New ACE Brief, Search Tool Outline Effective Mentoring Programs and Practices for Graduate Education
May 22, 2023

​Resources focus on benefits of mentoring for historically minoritized students

Higher education mentoring programs can be extremely useful in helping students realize their academic interests, connecting them with faculty and peers and demystifying pathways into graduate school, while teaching them specific skills needed for their studies. For students of color and other historically minoritized students, mentoring has been shown to be especially promising in encouraging their pursuit of graduate education, according to a new brief published by ACE.

The brief, “Formal and Informal Mentoring to Broaden the Pathway into Graduate Education" by Ji Hye “Jane" Kim, focuses on the types of mentoring programs that are effective in helping historically minoritized students. It also breaks down the considerations for campus leaders who want to implement mentoring programs and practices at their own institutions.

Hispanic, Black, American Indian, Alaska Native, Native Hawaiian, and Pacific Islander students remain substantially underrepresented in graduate fields when compared with White students, according to the National Center for Education Statistics. The brief gives an overview of the research on the benefits of mentoring programs, which shows they give students a first-hand perspective of the pathways to graduate school by providing useful information about graduate school life, the application process, and the resources available to students. Mentoring is often offered in a research setting, which allows students to experience and learn useful research skills necessary for many graduate school programs.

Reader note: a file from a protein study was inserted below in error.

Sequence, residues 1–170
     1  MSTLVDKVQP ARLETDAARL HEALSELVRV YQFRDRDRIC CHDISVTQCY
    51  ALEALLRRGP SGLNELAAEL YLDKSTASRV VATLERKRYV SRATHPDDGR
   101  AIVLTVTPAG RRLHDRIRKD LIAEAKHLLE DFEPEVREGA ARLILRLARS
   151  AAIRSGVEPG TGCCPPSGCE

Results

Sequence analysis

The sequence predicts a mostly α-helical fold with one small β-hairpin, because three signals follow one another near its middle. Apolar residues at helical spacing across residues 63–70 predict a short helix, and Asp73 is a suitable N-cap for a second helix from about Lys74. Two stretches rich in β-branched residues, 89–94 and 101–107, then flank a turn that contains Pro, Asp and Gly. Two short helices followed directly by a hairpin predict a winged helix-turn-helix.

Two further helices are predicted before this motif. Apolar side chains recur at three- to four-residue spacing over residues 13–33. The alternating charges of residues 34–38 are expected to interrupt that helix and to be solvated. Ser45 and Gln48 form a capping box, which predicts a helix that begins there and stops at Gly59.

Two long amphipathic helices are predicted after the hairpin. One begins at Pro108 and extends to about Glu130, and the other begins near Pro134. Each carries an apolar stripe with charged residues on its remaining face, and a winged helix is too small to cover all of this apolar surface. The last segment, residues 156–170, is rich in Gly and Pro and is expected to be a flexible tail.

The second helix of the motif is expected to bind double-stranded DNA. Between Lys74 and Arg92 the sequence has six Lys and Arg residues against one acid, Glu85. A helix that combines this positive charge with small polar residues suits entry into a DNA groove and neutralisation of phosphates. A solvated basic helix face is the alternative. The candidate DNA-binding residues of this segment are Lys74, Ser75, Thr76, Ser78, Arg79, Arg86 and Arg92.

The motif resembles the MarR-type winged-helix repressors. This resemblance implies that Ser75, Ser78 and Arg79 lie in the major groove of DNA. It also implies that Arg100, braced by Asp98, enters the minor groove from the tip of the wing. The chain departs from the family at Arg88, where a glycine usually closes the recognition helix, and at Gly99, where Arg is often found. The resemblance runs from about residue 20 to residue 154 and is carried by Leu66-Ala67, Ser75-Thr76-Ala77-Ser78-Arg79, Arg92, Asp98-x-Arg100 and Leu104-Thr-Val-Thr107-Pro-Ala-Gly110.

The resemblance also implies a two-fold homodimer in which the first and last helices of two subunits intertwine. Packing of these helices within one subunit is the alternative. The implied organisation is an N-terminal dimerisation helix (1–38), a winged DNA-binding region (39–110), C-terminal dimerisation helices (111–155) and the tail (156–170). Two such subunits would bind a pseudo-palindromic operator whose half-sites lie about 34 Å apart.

Another benefit is the opportunity for potential graduate students to connect with faculty and develop social networks in their fields of interest, while mentors also benefit from the experience of serving in this role.

The report concludes with several recommendations for campus leaders who want to use effective mentoring practices to help increase enrollment of historically minoritized students in graduate education.

Some of these recommendations include:

  • Assess how mentoring practice can align with other campus-wide initiatives or goals to support historically minoritized students.

  • Consider the needs of the student body when determining what types of mentoring programs your institution wishes to offer.

  • Strategically match mentors with mentees by considering the benefits and downsides of different types of arrangement and needs of students.

  • Consider providing financial support (i.e., scholarship, application fee support) to encourage historically minoritized students to participate in mentoring and continue to pursue their education.

Read the report to get more insight into these effective practices and considerations.

ACE's new search tool offers examples of institutions that employ these various practices. Practices are organized into four stages of students' academic journeys along the pathway into and through graduate education.

This practice brief is part of ACE's Race and Ethnicity in Higher Education project, which provides a data-informed foundation for those who are working to close persistent equity gaps by presenting a comprehensive review of the educational pathways of today's college students and the educators who serve them. Visit to learn more about the project. This brief and the search tool were made possible through generous support from the Alfred P. Sloan Foundation.